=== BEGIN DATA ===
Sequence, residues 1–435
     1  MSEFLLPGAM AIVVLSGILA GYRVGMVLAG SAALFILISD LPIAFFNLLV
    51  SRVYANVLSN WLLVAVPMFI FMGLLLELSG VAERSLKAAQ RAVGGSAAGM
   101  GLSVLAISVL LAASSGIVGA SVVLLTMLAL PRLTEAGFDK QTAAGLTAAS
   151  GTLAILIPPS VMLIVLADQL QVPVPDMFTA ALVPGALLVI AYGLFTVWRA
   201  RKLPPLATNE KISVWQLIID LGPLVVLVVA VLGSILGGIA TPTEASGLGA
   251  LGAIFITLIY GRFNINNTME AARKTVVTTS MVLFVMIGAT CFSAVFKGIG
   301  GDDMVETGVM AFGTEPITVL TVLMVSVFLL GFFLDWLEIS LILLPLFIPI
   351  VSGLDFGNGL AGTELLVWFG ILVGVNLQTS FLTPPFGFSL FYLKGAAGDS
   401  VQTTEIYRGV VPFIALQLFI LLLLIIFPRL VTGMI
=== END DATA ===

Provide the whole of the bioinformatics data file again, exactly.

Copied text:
Sequence, residues 1–435
     1  MSEFLLPGAM AIVVLSGILA GYRVGMVLAG SAALFILISD LPIAFFNLLV
    51  SRVYANVLSN WLLVAVPMFI FMGLLLELSG VAERSLKAAQ RAVGGSAAGM
   101  GLSVLAISVL LAASSGIVGA SVVLLTMLAL PRLTEAGFDK QTAAGLTAAS
   151  GTLAILIPPS VMLIVLADQL QVPVPDMFTA ALVPGALLVI AYGLFTVWRA
   201  RKLPPLATNE KISVWQLIID LGPLVVLVVA VLGSILGGIA TPTEASGLGA
   251  LGAIFITLIY GRFNINNTME AARKTVVTTS MVLFVMIGAT CFSAVFKGIG
   301  GDDMVETGVM AFGTEPITVL TVLMVSVFLL GFFLDWLEIS LILLPLFIPI
   351  VSGLDFGNGL AGTELLVWFG ILVGVNLQTS FLTPPFGFSL FYLKGAAGDS
   401  VQTTEIYRGV VPFIALQLFI LLLLIIFPRL VTGMI